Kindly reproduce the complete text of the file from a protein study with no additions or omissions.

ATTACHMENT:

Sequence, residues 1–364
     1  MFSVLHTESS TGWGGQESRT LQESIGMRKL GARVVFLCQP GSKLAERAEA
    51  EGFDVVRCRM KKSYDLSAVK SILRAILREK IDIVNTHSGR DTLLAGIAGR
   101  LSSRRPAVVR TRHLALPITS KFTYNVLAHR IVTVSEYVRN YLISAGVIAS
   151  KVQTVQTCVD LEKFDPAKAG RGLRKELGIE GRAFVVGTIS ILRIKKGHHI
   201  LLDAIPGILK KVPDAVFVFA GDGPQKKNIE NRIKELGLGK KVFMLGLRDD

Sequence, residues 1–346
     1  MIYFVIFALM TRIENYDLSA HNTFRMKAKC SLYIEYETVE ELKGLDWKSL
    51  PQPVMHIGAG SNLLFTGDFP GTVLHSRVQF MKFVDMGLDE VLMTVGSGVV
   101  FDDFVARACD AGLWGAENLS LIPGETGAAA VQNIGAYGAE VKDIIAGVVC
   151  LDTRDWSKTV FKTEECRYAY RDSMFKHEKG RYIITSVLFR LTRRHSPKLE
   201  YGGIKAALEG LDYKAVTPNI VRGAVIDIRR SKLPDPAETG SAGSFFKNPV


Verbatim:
Sequence, residues 1–364
     1  MFSVLHTESS TGWGGQESRT LQESIGMRKL GARVVFLCQP GSKLAERAEA
    51  EGFDVVRCRM KKSYDLSAVK SILRAILREK IDIVNTHSGR DTLLAGIAGR
   101  LSSRRPAVVR TRHLALPITS KFTYNVLAHR IVTVSEYVRN YLISAGVIAS
   151  KVQTVQTCVD LEKFDPAKAG RGLRKELGIE GRAFVVGTIS ILRIKKGHHI
   201  LLDAIPGILK KVPDAVFVFA GDGPQKKNIE NRIKELGLGK KVFMLGLRDD

Sequence, residues 1–346
     1  MIYFVIFALM TRIENYDLSA HNTFRMKAKC SLYIEYETVE ELKGLDWKSL
    51  PQPVMHIGAG SNLLFTGDFP GTVLHSRVQF MKFVDMGLDE VLMTVGSGVV
   101  FDDFVARACD AGLWGAENLS LIPGETGAAA VQNIGAYGAE VKDIIAGVVC
   151  LDTRDWSKTV FKTEECRYAY RDSMFKHEKG RYIITSVLFR LTRRHSPKLE
   201  YGGIKAALEG LDYKAVTPNI VRGAVIDIRR SKLPDPAETG SAGSFFKNPV